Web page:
The Pandemic Demonstrated That Dental Assistants Are Indispensable (But We Already Knew That)
Of course, dental assistants have earned our gratitude all year round. Dental assistants are the hardworking heroes who keep practices running smoothly and patients happy.
This March, America’s dental assistants deserve all the praise we can offer for all the ways they’ve risen to the occasion throughout the COVID-19 crisis.
Making Patient Comfort a Priority
The typical dental assistant performs so many essential functions that it can be difficult to single out just one. But to a patient – especially a patient who might be anxious about visiting the dentist – a dental assistant’s most valuable role is as a source of comfort, understanding, and reassurance.
Henry illustrated this point with a tale about his mother, a lifelong “dental-phobe” who lost half of a front tooth and was extremely reluctant to get it fixed.
As the appointment time approached, “My mom got more and more scared,” Henry said. On the way in, Henry and his crying mother met the practice’s lead dental assistant, Jen, who was on her way out to pick up her children.
The appointment got off to a rocky start, with Henry doing his best to aid his mother:
“All of a sudden, the front door opens, and guess who walks back in. It’s Jen. You know what Jen did for the next 45 minutes of her life, for a complete stranger? She did this: ‘It’s going to be ok.’ ‘[The doctor] is doing an excellent job.’ ‘You’re doing great.’ ‘Is there anything you need?’”
Without being asked and on her own time, Jen the dental assistant comforted Henry’s mother through the entire procedure – and became the reason why his mother goes back to that dentist today.
“One thing I love,” Henry said, “is that Jen made a difference.”
The dental assistant’s skill at soothing anxious patients has become even more crucial during the pandemic. As patients return for routine care, they look to dental assistants for assurance the practice is doing everything possible to keep them safe.
“Despite the PPE, despite everything that you're wearing, your patients can sense your confidence and see your smile behind that mask, and it's important to them,” Henry told his audience of dental assistants. “They trust you.”
Screening Patients and Implementing Social Distancing
Entering 2020, dental assistants already had their plates full of responsibilities. Yet, after the coronavirus arrived, many assistants dug deep within themselves to find the energy and courage to take on tasks they never expected to handle.
Increasingly, dental assistants are now screening patients for signs of infection and exposure risk to prevent patients from bringing the virus into the office. Screening can involve calling patients before their appointments and assessing them with questionnaires and temperature checks upon arrival.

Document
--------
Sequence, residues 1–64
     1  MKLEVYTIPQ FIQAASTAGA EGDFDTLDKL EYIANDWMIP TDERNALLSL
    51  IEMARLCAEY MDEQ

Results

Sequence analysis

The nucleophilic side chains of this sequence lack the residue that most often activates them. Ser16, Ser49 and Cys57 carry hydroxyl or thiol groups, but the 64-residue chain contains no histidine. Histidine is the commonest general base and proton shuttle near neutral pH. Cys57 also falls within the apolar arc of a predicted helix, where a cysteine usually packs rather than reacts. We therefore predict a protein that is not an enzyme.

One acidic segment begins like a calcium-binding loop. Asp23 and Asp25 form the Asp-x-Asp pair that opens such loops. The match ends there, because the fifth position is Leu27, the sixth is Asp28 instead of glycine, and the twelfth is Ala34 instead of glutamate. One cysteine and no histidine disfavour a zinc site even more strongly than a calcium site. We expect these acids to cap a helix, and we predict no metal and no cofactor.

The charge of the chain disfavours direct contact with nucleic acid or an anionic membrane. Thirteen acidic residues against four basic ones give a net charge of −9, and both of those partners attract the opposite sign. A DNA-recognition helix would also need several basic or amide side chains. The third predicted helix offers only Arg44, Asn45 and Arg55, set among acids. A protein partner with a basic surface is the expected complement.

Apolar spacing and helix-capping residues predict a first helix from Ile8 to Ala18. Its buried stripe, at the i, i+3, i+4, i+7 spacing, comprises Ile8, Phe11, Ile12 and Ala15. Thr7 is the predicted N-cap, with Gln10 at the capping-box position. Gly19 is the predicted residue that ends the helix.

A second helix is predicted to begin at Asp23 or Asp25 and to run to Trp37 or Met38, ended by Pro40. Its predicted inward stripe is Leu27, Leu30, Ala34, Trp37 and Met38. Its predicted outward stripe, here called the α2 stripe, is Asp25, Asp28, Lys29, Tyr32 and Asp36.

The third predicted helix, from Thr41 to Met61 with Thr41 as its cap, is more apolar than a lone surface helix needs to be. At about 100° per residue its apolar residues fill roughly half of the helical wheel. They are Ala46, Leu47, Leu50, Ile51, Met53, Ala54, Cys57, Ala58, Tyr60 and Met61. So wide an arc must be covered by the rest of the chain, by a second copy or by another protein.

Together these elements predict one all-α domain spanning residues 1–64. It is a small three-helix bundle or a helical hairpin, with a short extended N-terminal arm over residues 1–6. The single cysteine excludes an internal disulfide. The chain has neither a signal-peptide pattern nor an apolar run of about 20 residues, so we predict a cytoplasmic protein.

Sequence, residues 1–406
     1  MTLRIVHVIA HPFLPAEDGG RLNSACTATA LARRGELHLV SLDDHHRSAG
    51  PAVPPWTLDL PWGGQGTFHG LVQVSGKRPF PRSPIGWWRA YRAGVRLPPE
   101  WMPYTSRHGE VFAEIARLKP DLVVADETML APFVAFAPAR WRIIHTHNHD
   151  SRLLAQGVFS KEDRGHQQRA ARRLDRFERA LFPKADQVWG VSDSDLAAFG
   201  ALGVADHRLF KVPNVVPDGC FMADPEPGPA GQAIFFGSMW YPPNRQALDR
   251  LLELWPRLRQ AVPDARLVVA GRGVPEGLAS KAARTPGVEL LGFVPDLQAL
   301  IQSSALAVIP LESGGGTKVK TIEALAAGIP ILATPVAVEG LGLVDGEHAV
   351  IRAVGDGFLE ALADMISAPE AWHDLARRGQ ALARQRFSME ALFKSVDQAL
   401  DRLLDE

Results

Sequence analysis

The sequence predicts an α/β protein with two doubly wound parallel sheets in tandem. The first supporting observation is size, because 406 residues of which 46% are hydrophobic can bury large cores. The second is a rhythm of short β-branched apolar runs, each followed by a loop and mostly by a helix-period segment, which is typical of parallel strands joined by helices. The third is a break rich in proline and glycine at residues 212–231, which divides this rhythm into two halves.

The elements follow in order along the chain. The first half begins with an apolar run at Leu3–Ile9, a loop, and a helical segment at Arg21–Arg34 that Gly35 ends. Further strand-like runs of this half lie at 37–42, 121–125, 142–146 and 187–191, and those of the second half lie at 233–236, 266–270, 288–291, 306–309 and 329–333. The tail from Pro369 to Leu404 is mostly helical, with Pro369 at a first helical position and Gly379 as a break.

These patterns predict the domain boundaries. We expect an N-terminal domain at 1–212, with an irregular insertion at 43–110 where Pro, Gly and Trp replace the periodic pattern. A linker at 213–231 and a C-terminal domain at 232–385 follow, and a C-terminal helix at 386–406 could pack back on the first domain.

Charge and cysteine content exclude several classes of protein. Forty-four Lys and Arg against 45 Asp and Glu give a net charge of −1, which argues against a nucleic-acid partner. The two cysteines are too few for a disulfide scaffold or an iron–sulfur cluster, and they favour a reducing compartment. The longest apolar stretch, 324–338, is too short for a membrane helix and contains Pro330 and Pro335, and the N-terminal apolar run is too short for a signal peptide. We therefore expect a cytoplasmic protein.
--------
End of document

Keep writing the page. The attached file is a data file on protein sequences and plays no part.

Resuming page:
Once the patient gets through screening, the dental assistant’s new responsibilities don’t get any less burdensome. It often falls to dental assistants to maintain social-distancing measures throughout their practices. This may include moving chairs six feet apart in the waiting room, minimizing the number of people in the waiting room, and documenting the practice’s social-distancing protocols.
Most dental assistants have willingly added all these extra duties to their day not out of obligation but because they prioritize keeping staff and patients healthy. For that, we owe dental assistants our thanks.
Acting as Champions for Infection Prevention and Control
“Long before we knew what COVID-19 was … long before it was part of our daily vocabulary and part of our society … dental assistants and dental practices were doing the right things in terms of infection control and prevention,” Henry said in his talk.
Infection prevention and control in a dental practice is everyone’s responsibility, and dental assistants play a key role, alongside the full dental team, in ensuring infection guidelines are being followed in many practices.
During the COVID pandemic, dental assistants have added additional disinfection and cleaning tasks to their daily routines. Along with typical clinical sterilization, dental assistants are now targeting any shared surfaces for disinfection, including those in waiting rooms, staff areas, and restrooms.
Tija Hunter, dental assistant, speaker and educator, conducted an informal Facebook poll of her fellow dental assistants on the need for mandatory infection prevention and control training. Almost everyone was in favor of the idea.
“I thought this was already a thing,” said one respondent. “Infection control is 101 of dental assisting.”
Another respondent said infection prevention and control training should be mandatory for everyone in a dental office, including the doctor.
How to Thank a Dental Assistant
Dental assistants are often the first people at your practice to interact with patients and the first on the scene when it’s time to manage a potential infection risk. One of the best ways to show your appreciation outside of Dental Assistants Recognition Week is by making sure you’re doing everything you can to help with infection prevention and control in your dental office. Assistants shouldn’t be the only ones shouldering the burden.
And then, say “thank you.” Maybe when it’s safe to do so, take your dental assistants out or hold a celebration in the office.
It doesn’t take a pandemic to prove dental practices simply could not run without dental assistants. So, from all of us at HuFriedyGroup to all our dedicated dental assistant friends, we salute you!